(2) Determine Patient Eligibility, Select Patients for the Program and Prioritize Patient Safety: Once goals are established, the next step is building the H@H program framework. Keeping patients at the center, health systems can build eligibility criteria based on the needs of unique patient populations and available resources. The goal is to offer the program to patients who are sick enough to require emergency departmentlevel care, but stable enough to be cared for at home
Common eligibility criteria include:
Once eligibility criteria are established, there are some operational considerations.
And lastly, it takes technology to help enable the clinical care delivery. The following are some considerations from that perspective:
What devices will be necessary to collect and deliver data to your organization in the home?
How will the patient’s assigned device connect and deliver data?
Where will the data generated by the home devices go (receive location) and how is that supported?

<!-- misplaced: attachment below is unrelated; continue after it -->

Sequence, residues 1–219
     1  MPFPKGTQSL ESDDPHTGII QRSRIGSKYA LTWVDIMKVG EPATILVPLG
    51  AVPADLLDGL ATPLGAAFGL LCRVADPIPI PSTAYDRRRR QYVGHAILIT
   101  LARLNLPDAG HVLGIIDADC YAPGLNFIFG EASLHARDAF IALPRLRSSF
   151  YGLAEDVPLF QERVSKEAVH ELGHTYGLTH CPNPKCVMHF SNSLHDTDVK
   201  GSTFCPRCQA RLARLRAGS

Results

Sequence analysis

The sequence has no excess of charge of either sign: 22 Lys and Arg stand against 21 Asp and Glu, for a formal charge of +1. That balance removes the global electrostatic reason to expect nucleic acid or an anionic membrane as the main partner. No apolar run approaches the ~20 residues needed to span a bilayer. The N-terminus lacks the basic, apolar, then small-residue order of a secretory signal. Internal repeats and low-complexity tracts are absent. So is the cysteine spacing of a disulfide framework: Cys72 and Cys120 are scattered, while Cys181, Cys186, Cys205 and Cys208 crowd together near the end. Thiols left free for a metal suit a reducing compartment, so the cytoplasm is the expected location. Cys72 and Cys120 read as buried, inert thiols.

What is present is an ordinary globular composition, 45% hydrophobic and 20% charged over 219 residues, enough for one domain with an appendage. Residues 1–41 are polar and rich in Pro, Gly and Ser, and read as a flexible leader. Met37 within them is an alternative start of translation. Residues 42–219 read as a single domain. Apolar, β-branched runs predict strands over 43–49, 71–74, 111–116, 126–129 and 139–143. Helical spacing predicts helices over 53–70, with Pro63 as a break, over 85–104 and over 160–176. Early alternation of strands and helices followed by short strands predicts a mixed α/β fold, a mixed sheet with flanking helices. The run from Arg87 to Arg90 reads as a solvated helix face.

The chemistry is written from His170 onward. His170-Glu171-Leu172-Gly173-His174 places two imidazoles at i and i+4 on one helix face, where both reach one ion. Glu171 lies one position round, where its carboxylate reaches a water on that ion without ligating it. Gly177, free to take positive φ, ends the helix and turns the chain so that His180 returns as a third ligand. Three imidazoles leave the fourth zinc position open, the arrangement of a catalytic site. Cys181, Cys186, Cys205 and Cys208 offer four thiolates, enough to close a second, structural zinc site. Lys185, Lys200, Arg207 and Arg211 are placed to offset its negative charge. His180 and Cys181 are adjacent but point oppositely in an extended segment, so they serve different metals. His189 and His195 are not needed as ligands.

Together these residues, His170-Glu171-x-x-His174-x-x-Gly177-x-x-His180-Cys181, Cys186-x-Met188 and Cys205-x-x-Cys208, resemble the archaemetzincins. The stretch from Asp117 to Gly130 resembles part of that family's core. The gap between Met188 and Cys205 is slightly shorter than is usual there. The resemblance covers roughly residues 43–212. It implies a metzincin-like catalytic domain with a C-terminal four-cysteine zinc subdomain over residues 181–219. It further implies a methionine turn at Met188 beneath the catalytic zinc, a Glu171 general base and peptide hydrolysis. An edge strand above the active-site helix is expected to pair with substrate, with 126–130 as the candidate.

Avoid the trap of technology for the sake of technology. High-tech doesn’t always rule the day. Consider instead:
How is the technology sourced?
Out of the box solution
(3) Consider who the H@H Program Team Consists of and Provide Continuous Internal Education: Oftentimes, there are multiple interdisciplinary teams involved in managing H@H programs. Coordinating across teams is essential for success – and can also present challenges. The health system must consider (and plan for) all teams that are involved in the H@H program and ensure buy-in at every level.
Gaining program buy-in is key and that starts with demonstrating to internal stakeholders that the program works, that it’s beneficial and (most importantly) that it’s safe for patients who qualify and enroll. Buy-in for a H@H program starts at the very top of the health system leadership chain, and includes key leaders within each department, such as operational and front-line staff.
Every H@H same umbrella, highlighting the program benefits and providing transparency into how the Hospital at Home program can help improve outcomes.
Clinicians involved in a H@H program must be:
Comfortable with the H@H model, understanding why (and how) the program can benefit patients
Knowledgeable about technology, with the ability to use technology hardware and software to administer at-home care independently